Detective Angie Pallorino took down a serial killer permanently and, according to her superiors, with excessive force. Benched on a desk assignment for twelve months, Angie struggles to maintain her sense of identity—if she’s not a detective, who is she? Then a decades-old cold case washes ashore, pulling her into an investigation she recognizes as deeply personal.
Angie’s lover and partner, James Maddocks, sees it, too. But spearheading an ongoing probe into a sex-trafficking ring while keeping Angie’s increasing obsession with her case in check is taking its toll. As startling connections between the parallel investigations emerge, Maddocks realizes he has even more than Angie’s emotional state to worry about.
Driven and desperate to solve her case, Angie goes rogue, risking her relationship, career, and very life in pursuit of answers. She’ll learn that some truths are too painful to bear, and some sacrifices include collateral damage.
But Angie Pallorino won’t let it go. She can’t. It’s not in her blood.
This is the second Angie Pallorino book in the series. I like this character, a lot. She’s strong, independent, not afraid of getting hurt, either physically or emotionally, all in the name of doing what is right.
She’s damaged. And she has demons to work through, but don’t we all, on some level?
I REALLY like how the first book’s case led directly into the second book. You can read this book as a standalone, but the reading The Drowned Girls would make The Lullaby Girl make a bit more sense.
I didn’t give it five stars because I felt like it dragged a bit, but not so much that it yanked me out of the story. I also really like how Ms. White weaves a story around two different cases at once. At first, it’s a little confusing and a bit disorienting, but she soon makes it clear that the cases are tied together somehow and it works.
There were a few editorial mistakes. Missing words that momentarily made me stumble, but they were minor and not a deal breaker.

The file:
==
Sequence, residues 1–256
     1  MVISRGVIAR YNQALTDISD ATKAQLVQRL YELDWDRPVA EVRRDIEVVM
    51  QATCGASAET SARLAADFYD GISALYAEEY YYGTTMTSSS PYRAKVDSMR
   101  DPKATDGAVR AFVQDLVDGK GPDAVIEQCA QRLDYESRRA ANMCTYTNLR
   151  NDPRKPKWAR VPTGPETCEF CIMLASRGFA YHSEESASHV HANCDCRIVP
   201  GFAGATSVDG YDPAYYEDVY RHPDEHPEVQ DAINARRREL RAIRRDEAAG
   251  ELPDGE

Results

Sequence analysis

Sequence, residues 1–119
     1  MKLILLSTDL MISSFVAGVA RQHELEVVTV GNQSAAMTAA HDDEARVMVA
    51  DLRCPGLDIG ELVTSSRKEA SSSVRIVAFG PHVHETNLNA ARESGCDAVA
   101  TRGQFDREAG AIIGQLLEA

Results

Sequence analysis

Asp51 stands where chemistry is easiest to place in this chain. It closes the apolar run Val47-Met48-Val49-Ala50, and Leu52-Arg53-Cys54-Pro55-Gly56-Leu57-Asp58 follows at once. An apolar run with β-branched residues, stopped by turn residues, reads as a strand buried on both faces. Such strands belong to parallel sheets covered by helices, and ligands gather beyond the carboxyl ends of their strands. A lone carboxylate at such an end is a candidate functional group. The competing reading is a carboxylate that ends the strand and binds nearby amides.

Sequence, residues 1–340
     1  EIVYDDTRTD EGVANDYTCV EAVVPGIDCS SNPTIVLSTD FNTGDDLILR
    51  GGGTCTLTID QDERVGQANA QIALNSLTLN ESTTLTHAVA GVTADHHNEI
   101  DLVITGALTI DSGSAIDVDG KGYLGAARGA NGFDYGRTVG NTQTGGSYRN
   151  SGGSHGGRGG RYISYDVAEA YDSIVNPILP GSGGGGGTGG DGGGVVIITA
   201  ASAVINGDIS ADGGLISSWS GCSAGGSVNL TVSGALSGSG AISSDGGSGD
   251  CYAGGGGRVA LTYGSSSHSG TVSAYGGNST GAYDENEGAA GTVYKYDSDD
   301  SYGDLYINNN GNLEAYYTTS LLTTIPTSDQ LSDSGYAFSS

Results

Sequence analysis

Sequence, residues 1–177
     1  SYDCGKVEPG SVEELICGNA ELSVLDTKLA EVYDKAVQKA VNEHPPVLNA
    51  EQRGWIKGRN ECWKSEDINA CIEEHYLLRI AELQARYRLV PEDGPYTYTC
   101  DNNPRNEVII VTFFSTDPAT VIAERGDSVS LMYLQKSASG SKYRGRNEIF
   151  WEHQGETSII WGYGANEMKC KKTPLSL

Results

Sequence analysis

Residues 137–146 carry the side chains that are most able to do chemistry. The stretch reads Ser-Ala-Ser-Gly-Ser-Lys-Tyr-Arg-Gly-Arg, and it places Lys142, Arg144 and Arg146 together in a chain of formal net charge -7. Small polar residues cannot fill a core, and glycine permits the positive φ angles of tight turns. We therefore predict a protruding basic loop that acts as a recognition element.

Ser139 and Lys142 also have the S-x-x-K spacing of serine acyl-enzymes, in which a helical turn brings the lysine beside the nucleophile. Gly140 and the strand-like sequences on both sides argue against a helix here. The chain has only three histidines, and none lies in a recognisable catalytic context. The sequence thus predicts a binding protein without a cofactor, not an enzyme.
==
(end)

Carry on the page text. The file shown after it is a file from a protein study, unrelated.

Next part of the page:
The story itself was disturbing but believable. Unfortunately, I’m sure there are sex-trafficking rings moving to this day and I’m sure they won’t be going anywhere any time soon. That sort of evil goes hand-in-hand with our fallen world today.
The love story between Angie and James is a bit hard to swallow. They seem too mismatched and the majority of this book they didn’t interact much at all. I don’t doubt their feelings for one another but I do wonder at the motivation for their feelings for one another. I understand where they are coming from but given the personalities I’ve read thus far it almost makes them a couple feel … off. I think the ending, between these two, was too rushed and felt contrived. I would have liked to see them interact more and maybe put off the ending for another book, or two. I feel like these two need more relationship building opportunities, outside of solving cases together.
Though I understand Angie’s anger and confusion, she needs to get herself sorted out first, and allow the reader to see this growth, before she jumps into anything long term with any character. Though to be fair, nothing concrete was resolved in this book between the two, just implied.
I didn’t really see the bad guy coming till near the end of the book, which was a nice surprise. I like how Angie’s parent’s relationship was complicated and a by product of their unfortunate circumstances. It’s hard to write anything more about that situation as I feel like that was a central part of the book’s premise and I don’t want to spoil it for anyone, but suffice it to say, it was believable, on a more disturbing, realistic level.
I am definitely looking forward to reading book three in Angie Pallorino’s series.